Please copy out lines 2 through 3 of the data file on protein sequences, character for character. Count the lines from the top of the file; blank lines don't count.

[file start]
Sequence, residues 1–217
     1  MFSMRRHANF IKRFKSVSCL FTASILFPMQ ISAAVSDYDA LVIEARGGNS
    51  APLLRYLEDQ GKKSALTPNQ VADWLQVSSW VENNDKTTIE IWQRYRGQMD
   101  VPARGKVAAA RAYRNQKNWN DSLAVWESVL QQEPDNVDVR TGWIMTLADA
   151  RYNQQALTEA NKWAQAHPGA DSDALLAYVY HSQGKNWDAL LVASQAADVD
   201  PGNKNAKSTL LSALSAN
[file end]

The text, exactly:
     1  MFSMRRHANF IKRFKSVSCL FTASILFPMQ ISAAVSDYDA LVIEARGGNS
    51  APLLRYLEDQ GKKSALTPNQ VADWLQVSSW VENNDKTTIE IWQRYRGQMD